JABSOM: Confronting Obesity on Several Fronts

Researchers and clinicians at the John A. Burns School of Medicine (JABSOM) are committed to reducing health disparities, including the higher rates of cardiovascular and metabolic disease caused by obesity. More keiki in Hawai’i are overweight than are children in other States.

The medical school received a highly competitive $12.6 million grant for a sweeping project called RMATRIX, to support interdisciplinary efforts to reduce or eliminate health disparities. The “R” in RMATRIX stands for Research Centers in Minority Institutions, which is funding the research.  MATRIX is short for Multidisciplinary And Translational Research Infrastructure Expansion.

Obesity plays a significant role in health disparities, with Asian/Pacific Island children, for example, at higher risk of being overweight. That, in turn, leads to higher rates of heart disease and diabetes. An interventional trial targeting obesity is being conducted by The Center for Native and Pacific Health Disparities Research. JABSOM’s Department of Pediatrics, and the Hawai‘i Initiative for Childhood Obesity Research and Education (HICORE) have launched new community campaign which involves several local healthcare organizations and emphasizes ways to prevent childhood obesity.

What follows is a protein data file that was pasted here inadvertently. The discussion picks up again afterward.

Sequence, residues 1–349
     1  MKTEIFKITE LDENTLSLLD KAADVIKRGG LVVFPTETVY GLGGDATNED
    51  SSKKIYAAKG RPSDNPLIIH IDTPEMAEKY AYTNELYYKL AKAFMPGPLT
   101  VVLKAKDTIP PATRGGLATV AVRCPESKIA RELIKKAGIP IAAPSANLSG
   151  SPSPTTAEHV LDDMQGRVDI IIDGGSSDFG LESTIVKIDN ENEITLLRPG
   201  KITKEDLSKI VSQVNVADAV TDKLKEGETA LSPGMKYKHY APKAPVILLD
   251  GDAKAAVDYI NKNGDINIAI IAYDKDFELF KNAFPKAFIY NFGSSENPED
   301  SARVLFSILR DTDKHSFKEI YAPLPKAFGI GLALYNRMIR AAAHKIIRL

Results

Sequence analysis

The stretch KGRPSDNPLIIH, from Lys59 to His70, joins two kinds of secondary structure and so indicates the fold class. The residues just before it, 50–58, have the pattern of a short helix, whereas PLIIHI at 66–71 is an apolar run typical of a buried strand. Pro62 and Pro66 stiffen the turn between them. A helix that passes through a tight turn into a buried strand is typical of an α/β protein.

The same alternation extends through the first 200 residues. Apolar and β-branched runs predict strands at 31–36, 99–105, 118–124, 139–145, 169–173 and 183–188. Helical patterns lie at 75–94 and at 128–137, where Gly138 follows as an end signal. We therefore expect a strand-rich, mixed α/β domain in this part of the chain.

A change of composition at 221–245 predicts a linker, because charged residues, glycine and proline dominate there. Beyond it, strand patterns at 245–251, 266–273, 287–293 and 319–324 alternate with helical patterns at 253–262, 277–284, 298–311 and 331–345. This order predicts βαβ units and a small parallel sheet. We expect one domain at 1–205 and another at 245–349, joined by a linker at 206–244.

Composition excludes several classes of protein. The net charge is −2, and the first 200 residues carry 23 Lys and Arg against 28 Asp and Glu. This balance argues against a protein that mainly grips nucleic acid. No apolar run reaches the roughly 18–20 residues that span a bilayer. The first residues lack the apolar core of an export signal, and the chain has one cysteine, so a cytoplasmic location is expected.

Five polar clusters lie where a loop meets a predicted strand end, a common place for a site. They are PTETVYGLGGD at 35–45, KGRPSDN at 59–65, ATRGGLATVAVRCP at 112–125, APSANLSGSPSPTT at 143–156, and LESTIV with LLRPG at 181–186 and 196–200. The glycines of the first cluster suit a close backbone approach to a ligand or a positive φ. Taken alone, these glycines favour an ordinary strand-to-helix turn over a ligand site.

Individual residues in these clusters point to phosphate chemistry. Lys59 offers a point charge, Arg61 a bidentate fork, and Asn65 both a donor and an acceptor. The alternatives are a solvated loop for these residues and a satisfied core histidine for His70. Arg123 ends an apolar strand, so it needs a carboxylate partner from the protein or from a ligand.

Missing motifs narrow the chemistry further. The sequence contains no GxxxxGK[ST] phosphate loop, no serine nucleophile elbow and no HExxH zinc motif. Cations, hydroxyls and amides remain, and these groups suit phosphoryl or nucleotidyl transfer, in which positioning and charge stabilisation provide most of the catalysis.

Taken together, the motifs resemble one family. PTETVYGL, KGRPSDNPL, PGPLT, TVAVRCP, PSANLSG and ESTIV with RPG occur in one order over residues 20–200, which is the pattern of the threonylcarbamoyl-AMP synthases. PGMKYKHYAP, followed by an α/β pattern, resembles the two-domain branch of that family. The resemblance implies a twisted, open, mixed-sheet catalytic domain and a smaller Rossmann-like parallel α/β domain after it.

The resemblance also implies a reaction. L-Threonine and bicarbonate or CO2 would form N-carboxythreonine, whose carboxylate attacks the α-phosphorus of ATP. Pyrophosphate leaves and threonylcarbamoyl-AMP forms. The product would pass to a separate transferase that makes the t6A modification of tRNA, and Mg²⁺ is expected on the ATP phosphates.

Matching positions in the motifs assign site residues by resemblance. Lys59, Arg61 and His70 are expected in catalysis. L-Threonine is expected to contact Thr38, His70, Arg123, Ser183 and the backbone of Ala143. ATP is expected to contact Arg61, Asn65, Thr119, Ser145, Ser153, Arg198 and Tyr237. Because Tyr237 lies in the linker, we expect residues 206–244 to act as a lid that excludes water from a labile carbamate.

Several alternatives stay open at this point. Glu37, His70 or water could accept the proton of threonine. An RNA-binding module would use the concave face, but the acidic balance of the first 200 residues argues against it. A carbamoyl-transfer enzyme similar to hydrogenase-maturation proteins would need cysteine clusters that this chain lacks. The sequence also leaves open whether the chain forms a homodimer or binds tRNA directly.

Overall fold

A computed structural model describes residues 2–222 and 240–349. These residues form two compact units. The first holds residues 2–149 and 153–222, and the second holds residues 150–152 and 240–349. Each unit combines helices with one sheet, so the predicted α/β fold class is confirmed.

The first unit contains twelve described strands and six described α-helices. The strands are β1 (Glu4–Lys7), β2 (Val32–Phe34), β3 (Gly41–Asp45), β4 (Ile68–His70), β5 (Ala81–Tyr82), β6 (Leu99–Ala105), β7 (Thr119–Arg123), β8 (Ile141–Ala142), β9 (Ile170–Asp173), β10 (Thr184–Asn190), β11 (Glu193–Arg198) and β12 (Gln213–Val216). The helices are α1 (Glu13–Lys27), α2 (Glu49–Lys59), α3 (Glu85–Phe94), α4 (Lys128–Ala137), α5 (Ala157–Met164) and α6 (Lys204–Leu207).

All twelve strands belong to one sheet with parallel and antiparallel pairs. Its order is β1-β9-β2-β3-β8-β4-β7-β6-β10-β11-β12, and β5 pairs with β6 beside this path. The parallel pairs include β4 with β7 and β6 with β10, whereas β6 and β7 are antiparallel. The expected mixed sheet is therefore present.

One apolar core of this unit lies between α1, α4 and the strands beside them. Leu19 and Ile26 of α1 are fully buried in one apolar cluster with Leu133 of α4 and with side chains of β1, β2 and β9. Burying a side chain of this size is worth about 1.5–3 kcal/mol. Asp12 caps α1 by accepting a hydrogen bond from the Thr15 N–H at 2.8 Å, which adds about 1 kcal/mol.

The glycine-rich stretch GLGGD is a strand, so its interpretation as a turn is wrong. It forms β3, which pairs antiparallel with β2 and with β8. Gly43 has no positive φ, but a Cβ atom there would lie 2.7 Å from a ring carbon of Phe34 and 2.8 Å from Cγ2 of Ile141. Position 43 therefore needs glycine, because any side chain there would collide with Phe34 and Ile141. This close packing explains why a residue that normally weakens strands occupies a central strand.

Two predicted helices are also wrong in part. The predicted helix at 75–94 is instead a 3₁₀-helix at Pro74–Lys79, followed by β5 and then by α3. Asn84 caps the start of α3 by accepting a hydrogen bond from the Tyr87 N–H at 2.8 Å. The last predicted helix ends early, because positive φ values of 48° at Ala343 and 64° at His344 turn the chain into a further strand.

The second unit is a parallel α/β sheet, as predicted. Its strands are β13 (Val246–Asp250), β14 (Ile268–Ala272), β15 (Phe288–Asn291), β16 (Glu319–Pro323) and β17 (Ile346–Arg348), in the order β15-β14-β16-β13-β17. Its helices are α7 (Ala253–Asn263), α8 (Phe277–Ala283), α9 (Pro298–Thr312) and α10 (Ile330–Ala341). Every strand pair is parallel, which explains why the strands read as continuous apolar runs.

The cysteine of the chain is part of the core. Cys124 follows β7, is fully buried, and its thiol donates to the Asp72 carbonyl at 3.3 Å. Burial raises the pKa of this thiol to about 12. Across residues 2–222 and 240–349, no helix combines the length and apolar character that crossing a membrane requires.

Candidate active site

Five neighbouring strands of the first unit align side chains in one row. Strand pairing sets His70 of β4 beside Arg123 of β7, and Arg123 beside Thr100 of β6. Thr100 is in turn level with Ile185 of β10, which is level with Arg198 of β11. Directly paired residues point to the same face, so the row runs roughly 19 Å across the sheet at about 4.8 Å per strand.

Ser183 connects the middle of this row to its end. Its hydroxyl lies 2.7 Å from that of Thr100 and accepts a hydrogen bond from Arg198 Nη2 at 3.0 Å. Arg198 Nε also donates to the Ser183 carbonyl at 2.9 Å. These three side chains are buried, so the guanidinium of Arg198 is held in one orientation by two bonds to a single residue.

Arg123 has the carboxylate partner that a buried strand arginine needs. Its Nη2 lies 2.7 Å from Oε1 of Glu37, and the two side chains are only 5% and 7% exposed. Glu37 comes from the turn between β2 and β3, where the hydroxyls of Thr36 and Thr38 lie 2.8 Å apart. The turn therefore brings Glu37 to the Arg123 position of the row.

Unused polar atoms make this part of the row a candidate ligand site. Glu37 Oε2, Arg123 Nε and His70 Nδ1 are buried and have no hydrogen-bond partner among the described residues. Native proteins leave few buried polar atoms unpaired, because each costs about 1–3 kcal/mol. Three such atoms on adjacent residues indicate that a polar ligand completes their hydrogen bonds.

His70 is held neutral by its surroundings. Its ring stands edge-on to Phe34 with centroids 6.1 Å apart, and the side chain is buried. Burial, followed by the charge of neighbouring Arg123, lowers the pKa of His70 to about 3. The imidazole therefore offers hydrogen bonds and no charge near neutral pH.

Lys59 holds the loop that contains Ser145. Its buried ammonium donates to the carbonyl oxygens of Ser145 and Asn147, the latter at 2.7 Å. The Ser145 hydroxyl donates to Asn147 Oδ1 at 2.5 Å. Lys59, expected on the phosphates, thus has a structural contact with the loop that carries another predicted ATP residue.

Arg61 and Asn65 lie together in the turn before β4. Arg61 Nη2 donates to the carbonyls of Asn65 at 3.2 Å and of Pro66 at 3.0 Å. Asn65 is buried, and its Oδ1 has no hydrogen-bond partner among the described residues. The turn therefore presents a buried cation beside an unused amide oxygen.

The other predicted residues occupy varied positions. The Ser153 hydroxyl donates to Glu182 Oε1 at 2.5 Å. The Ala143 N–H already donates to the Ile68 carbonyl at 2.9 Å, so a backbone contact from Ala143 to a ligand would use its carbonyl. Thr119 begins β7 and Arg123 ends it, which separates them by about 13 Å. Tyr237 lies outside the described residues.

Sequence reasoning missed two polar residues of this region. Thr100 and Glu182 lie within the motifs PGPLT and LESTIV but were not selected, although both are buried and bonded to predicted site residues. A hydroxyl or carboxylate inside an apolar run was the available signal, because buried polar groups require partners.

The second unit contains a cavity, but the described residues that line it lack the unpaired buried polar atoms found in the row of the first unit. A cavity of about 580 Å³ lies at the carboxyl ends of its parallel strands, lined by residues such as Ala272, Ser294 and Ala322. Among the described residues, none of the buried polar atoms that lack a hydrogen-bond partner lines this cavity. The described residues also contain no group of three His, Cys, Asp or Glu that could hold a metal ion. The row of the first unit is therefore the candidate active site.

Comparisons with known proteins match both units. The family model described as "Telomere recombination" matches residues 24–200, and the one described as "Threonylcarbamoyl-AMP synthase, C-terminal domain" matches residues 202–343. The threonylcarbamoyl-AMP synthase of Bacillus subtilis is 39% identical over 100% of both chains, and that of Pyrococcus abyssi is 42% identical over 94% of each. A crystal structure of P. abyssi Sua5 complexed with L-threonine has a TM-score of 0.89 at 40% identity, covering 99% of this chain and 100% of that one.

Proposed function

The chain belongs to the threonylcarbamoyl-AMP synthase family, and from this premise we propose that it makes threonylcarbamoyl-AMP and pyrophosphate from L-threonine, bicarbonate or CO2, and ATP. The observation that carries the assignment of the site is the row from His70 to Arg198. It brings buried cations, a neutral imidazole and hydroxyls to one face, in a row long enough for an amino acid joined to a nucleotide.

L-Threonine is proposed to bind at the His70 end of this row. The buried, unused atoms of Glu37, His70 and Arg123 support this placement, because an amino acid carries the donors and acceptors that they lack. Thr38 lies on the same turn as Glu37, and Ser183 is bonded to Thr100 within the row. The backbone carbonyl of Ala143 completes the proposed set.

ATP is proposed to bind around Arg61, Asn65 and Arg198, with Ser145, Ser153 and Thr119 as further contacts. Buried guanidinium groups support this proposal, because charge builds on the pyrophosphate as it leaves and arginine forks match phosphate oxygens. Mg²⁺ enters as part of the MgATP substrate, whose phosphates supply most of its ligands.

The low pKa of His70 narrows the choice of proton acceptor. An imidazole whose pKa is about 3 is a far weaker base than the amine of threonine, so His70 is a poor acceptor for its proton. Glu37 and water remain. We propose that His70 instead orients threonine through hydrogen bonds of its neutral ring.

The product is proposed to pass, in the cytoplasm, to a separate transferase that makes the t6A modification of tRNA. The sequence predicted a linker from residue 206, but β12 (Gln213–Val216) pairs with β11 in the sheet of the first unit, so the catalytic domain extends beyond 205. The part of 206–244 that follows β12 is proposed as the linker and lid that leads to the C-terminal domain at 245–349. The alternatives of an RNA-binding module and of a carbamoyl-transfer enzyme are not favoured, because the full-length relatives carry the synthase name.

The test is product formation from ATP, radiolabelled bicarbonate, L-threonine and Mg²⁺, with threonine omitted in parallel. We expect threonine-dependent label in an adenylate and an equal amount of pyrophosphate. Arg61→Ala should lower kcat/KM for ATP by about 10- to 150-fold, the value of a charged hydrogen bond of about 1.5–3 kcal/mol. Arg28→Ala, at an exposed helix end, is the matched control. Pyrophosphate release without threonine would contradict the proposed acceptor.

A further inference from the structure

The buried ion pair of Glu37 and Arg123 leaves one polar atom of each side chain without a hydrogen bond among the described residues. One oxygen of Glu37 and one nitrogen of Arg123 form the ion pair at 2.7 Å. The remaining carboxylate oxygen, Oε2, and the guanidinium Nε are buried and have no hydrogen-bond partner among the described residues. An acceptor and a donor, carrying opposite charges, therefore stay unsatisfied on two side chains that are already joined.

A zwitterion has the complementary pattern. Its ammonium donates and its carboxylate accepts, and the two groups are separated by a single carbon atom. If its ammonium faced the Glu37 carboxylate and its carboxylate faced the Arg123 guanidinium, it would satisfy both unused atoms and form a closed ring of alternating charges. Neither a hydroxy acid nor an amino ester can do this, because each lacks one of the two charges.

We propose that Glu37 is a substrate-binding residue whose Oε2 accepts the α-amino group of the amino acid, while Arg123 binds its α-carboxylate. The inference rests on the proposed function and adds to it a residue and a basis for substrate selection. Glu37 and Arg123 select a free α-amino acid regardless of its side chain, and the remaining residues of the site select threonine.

The PILI ‘Ohana program is a partnership between 10 community-based organizations throughout the State of Hawai‘i and a team of academic researchers from the Department of Native Hawaiian Health (DNHH). Its aim is to integrate community wisdom and expertise with scientific methods to conduct research on health disparities, with a specific emphasis on obesity, in Native Pacific populations.

The Nation’s Institute of Medicine (IOM) has just issued a report which brings several of the latest findings about obesity in the United States into focus.

Also, The Hawai’i Medical Journal has a special edition about obesity in Hawai’i.
Click here to download the special issue.

Our Photo isCourtesy of the Hawai’i State Department of Health